Each February, more than 200 students jump into the Duck Pond’s frigid waters to raise money for Special Olympics. The Polar Plunge has become an Appalachian tradition.

Establish your independence! One of our 20 residence halls may soon become your new home.

Home to Mountaineer football, field hockey, and track and field, Kidd Brewer Stadium is “The Rock.”

e a look around... Appalachian State University 19

Safety on campus Officers patrol by car, on foot, and by bike to keep our campus safe. If you feel unsafe at any time, go to one of the 80 emergency Blue Light Telephones throughout campus. Push one button and you’ll be connected to the University Police. Mountaineer Safe Ride offers safe and secure transportation between campus parking lots, residence halls, and academic buildings each evening until 1:45 a.m. 828-262-RIDE.

Parking and transportation Getting your AppCard … the most important thing in your wallet Having an AppCard, your multifunction photo ID card, is all you need to identify yourself as a member of the Appalachian community. You will have an opportunity to get your AppCard at Orientation. Remember to bring it back to campus in the fall or you will be charged for a replacement.

The AppCard provides access to: • Meal Plan Accounts • Express Accounts • Health Service • Library checkouts • Residence halls • Recreation facilities • Intercollegiate events • Many other services offered by Appalachian See page 24 for information on Meal Accounts and Express Accounts.

20 2014 New Student Guidebook

As a new student, you can have a car on campus – but be aware that parking is limited. Actually, you’ll have to park in a satellite area away from the main campus and take a shuttle bus. If you want to bring a car, you should register for a parking permit during Orientation. Most students ride AppalCART, the local transit authority for free bus service throughout campus and Boone and free shuttle service during home football games. For trips home, there is a shuttle service to Charlotte and Greensboro with stops in between. You also will be able to rent by the hour or day one of three fuel-efficient cars kept on campus through a new partnership between Appalachian and UHaulCarShare. There’s also a website to help people share commutes or one-time rides.

To Your Health Immunizations The deadline to submit a report of Medical History/Immunization Record is July 1. If you do not provide proof of the required immunizations, you will be unable to start classes and will be withdrawn from university housing.

Here is what you must do: 1. Complete the Medical History/Immunization Record forms. These forms and the mailing instructions can be found at 2. Mail these completed forms, preferably before your summer Orientation session, no later than July 1. You may bring your forms to Orientation and submit them to Mary S. Shook Student Health Service (located in the Miles Annas Student Support Building, above the University Post Office).

Health insurance Students are required to have health insurance to attend a UNC system school. You must enroll in or waive the mandatory health insurance by July 1. Students are automatically charged for the Student Health Insurance Plan when they register for classes and must provide proof of insurance online in order to reverse the cost. To provide proof of insurance online or enroll into the UNC System Health Insurance Plan, visit or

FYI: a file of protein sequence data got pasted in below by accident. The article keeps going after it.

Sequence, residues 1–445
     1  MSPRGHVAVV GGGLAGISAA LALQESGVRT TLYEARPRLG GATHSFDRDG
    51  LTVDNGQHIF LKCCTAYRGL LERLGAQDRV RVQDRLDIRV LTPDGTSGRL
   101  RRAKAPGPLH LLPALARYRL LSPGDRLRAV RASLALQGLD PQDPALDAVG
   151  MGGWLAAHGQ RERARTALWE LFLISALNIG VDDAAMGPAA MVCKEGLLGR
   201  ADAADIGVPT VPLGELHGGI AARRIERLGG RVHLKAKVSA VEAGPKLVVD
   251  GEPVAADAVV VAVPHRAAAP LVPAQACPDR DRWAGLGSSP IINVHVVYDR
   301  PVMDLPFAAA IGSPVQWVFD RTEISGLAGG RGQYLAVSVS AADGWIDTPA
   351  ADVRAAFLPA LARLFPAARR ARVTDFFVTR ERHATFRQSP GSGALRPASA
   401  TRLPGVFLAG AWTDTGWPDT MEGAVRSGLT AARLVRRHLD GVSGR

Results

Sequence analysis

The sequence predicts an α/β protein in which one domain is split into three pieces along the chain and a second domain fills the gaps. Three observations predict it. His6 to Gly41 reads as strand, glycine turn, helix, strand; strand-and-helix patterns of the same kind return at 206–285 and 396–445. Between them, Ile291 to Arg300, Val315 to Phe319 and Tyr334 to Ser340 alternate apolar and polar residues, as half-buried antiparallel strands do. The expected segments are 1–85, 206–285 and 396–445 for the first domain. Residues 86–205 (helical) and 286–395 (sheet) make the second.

Miles Annas Student Support Building Health and well-being issues may be addressed in the Miles Annas Student Support Building, which houses the Mary S. Shook Student Health Service, Wellness Center, and Counseling and Psychological Services. Your AppCard is required for use of these services.,,

Medical Records Students with ongoing conditions and medications should have their specialist send a summary to Student Health Service for completeness of records.

An exercise class in Mt. Mitchell Fitness Center Appalachian State University 21

A room inside Cone Residence Hall

Sign Up for Housing

get your housing assignment, you will also get contact information for your roommate.

How to apply

Housing options

Once you accept your offer of admission and submit your advance payment, you can apply for housing online. Applications must be submitted by July 1. Here is what to do:

Appalachian has 20 residence halls on campus with nearly 5,700 residents. When completing your Online Housing Application, you will be able to indicate preferences of co-ed or single gender hall, roommate and Residential Learning Community. If you do not choose to live with someone you know or select someone from the online student profiles, you will be paired with a roommate who closely matches the preferences you selected on your Online Housing Application.

1. Go to Click on “Residence Hall License Contract.” This includes all the important policies and regulations you need to know about living here. Please read this carefully. You do not need to return anything. Then, click on “Online Housing Application” and follow the instructions. You will have the opportunity to find your own roommate by building a profile and reviewing other prospective student profiles. You will also agree to the policies of the Residence Hall License Contract here. 2. You can make changes to your housing application online by re-entering the Online Housing Application. Changes must be received by June 30. In mid- to late July, University Housing will email your housing assignment for the fall semester. Keep in mind, it is possible your room assignment could change. If there are withdrawals or changes in enrollment, we may have to rearrange the housing assignments. If that happens, we will let you know as soon as possible via email. When you